Professor’s Paper Cited in Defense of Nation’s Health Care Reform
The U.S. Supreme Court will hear arguments next month in a legal challenge to the nation’s new health care law, known as the Patient Protection and Affordable Care Act (PPACA), and an article by a Yale School of Public Health professor will play a role in the legal proceedings. The article written by Jennifer Prah Ruger, associate professor in the division of Health Policy and Administration, is cited in the legal brief filed by the U.S. Department of Health and Human Services (DHHS) supporting the landmark legislation. Ruger’s article, “The Moral Foundations of Health Insurance,” originally appeared in the Quarterly Journal of Medicine in 2007, and argues that health risks are uncertain in timing, magnitude, and frequency — making it difficult to predict when health care services will be needed and how much coverage will be necessary. A key component of the DHHS argument is that health care markets are unique in that they fulfill needs that cannot be accurately predicted or budgeted for. Ruger develops an alternative moral framework for analyzing health insurance and health policy that is elaborated in her 2009 book, Health and Social Justice. Since its passage in 2010, the health care reform law has come under scrutiny and its constitutionality has been challenged in U.S. District Courts and U.S. Circuit Courts of Appeal. A Supreme Court ruling on the case is expected this summer.
“I’ve been following the coverage of the federal health law and health reform,” Ruger said. “An important perspective has been lacking and that is of the ethical underpinnings of the health care system and health policy. This point of view is essential for the ongoing and future debates over health reform.” The PPACA seeks to improve the performance of the health care market by addressing costs, quality and access to health care. To achieve this, the act requires that non-exempt taxpayers purchase a minimum level of health insurance or pay a penalty. In a Brief for Petitioners in the U.S. Supreme Court, the DHHS argues that the minimum coverage provision is a legitimate use of Congress’ commerce and taxing powers. Additionally, DHHS asserts that because health care markets have near universal participation, the minimum coverage provision is needed to regulate the way that individuals pay for their participation in the health care market. The uncertainty surrounding health care, Ruger argues, increases individual and community vulnerability and economic and health insecurity. Universal health insurance is morally justified, she maintains, because it reduces, mitigates and copes with risks of ill health and the resulting economic insecurity. When individuals cannot afford to pay for health care services, billions of dollars from uncompensated health care are shifted to private insurers who pass costs on to insured participants. DHHS notes that “Congress found that this cost-shifting increases the average premiums for insured families by more than $1,000 per year.” The department argues that minimum coverage provision prevents cost and risk shifting to others participating in the health care market and is a reasonable way to address the economic problems associated with uncompensated care. Ruger’s scholarship was also cited in support of the PPACA during recent legal proceedings in California, Florida, Michigan and Virginia. She is a member of the Ethics Subcommittee of the Advisory Committee to the Director of the Centers for Disease Control and Prevention and a Greenwall Faculty Scholar in Bioethics.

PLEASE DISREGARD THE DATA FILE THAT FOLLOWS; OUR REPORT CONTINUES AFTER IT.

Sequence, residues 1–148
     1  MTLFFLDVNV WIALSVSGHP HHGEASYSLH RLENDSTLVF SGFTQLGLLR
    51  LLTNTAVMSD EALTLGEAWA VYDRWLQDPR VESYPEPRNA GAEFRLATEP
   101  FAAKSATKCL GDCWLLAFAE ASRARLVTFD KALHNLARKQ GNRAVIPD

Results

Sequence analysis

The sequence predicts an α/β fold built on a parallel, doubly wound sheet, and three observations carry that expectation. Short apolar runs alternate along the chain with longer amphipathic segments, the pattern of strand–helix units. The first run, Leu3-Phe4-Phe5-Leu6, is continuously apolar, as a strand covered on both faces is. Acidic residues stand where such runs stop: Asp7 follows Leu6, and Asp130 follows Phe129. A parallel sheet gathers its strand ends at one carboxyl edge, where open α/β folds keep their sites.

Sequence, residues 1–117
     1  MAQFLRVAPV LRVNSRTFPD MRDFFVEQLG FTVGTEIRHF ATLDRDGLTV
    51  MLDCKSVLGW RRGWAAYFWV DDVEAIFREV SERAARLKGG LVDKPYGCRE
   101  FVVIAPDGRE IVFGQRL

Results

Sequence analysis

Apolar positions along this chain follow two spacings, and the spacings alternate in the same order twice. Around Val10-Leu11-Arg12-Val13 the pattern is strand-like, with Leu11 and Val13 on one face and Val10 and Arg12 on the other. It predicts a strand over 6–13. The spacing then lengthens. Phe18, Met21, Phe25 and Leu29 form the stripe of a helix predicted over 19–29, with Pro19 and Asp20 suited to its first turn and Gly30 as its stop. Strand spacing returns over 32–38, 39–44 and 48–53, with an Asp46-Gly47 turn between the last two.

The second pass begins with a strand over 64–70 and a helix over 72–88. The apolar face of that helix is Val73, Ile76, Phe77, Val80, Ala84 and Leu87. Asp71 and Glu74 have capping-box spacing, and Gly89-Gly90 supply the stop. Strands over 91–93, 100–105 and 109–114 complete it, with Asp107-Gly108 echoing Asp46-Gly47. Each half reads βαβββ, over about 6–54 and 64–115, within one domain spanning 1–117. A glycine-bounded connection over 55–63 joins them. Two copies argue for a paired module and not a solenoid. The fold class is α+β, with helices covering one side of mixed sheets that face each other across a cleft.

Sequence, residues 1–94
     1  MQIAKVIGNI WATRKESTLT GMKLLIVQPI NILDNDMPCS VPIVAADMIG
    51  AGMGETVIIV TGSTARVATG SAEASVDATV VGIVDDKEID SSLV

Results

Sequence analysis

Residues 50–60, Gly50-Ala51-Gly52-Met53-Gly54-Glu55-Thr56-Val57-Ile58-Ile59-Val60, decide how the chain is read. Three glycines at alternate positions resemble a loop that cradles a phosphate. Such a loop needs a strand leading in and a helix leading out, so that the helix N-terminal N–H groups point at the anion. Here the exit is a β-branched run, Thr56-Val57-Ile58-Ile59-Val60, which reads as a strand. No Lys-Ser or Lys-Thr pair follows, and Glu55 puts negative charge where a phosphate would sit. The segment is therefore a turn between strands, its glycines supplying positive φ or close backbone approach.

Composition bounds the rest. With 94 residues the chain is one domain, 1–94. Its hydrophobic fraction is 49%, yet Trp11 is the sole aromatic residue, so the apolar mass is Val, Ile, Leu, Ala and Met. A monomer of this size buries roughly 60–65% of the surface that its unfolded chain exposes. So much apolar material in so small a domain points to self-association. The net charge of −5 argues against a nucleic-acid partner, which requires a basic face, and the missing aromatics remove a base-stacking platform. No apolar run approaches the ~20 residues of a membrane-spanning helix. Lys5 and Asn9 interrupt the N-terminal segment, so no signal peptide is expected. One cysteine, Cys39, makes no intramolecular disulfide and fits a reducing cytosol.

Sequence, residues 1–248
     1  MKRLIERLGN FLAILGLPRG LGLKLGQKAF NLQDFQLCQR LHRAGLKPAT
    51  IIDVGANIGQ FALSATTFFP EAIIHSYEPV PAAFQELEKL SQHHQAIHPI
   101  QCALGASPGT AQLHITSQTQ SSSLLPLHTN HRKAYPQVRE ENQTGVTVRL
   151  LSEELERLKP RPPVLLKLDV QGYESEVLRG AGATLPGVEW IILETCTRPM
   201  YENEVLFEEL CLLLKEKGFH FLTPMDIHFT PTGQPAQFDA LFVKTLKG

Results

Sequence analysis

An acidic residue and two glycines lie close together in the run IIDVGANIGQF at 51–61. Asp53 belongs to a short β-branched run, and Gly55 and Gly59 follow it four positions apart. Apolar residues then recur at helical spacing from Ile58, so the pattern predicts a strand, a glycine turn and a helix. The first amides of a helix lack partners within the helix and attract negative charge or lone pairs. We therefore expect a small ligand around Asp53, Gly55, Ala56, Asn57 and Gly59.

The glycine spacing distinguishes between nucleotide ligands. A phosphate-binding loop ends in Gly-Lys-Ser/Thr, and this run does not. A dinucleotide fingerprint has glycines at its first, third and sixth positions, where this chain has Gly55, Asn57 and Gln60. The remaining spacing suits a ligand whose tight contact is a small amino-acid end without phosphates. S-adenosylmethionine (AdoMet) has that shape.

This article was submitted by Denise Meyer on June 12, 2012.